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diskJokke - Staying In

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Artist: diskJokke

Album: Staying In

Label: Smalltown Supersound

Review date: Apr. 18, 2008

“2007 was the year that pianos came back, more joyful and unabashed than ever.” That was Fact magazine and, no, they didn't mean Mika. Writing in reference to the debut single from DFA's Still Going, No. 19 on its top songs of 2007, the magazine rightly sights a faintly returning dance music trope. In a handful of tracks in 2007, the piano returns to the dance floor gushing with melody that instantly gratifies after years of being dismembered, deconstructed and often suppressed. The clipped flutters and rolls of Nôze's "Remember Love" (No. 71) and Róisín Murphy's heart-stabbing vamps on "Let Me Know" (nowhere in that aforementioned "top" one-hundred) were its other signature moments in the last year. In this already old 2008, we welcome Norway's diskJokke.

Staying In is the debut album from Joachim Dyrdahl and it opens with both hands cascading the keys on "Folk i farta." True to the Smaltown Supersound aesthetic, Dyrdahl is soon swishing stardust and dodging stray blips while a disco strut powers his sputtering comet. For most of its 10 tracks, Staying In is stitched together with arpeggios, a flourish lifted from keyboard fingerwork but here, as in almost all instances in dance music, automated and set afloat. It burbles, trickles, stutters, percolates, shimmers, blubbers; always a sketch of a tune amidst the intergalactic churn.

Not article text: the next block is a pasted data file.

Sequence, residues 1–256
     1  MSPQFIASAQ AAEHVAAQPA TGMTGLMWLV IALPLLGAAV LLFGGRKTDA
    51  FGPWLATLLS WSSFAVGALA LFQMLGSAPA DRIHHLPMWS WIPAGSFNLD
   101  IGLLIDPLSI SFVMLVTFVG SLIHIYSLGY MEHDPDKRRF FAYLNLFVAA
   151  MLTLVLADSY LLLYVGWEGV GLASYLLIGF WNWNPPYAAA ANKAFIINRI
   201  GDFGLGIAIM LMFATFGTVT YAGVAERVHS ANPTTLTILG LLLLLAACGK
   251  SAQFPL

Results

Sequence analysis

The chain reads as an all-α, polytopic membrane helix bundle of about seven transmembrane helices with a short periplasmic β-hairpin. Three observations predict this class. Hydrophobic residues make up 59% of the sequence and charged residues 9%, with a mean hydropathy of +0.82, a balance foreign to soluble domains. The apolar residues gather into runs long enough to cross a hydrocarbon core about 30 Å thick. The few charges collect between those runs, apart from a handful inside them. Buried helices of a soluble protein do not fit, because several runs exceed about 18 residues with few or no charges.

Though the rhythms tend to rustle absentmindedly (most of Staying In's beat configurations are so perfunctory they may be sourced from presets), Dyrdahl slips tresses of weep in the form of trebly harmonics. Dyrdahl adds more than smacked metals and squiggles of radioactive synth to Still Going's twinkling, cosmic chandelier. Instead of weighing down the boisterous arrangements, some of which even squirt brass (the title track), Dyrdahl lets plaintive wisps waft over the bustle and seep through its edges.

The disc never lets up its revelry, in fact closing by uncorking the fizziest blast of chattering bon vivance with "Some Signs Are Good.” But amid its concerted and relentless jubilance, this remains a party set on the frost-encrusted surface of the moon.

By Bernardo Rondeau

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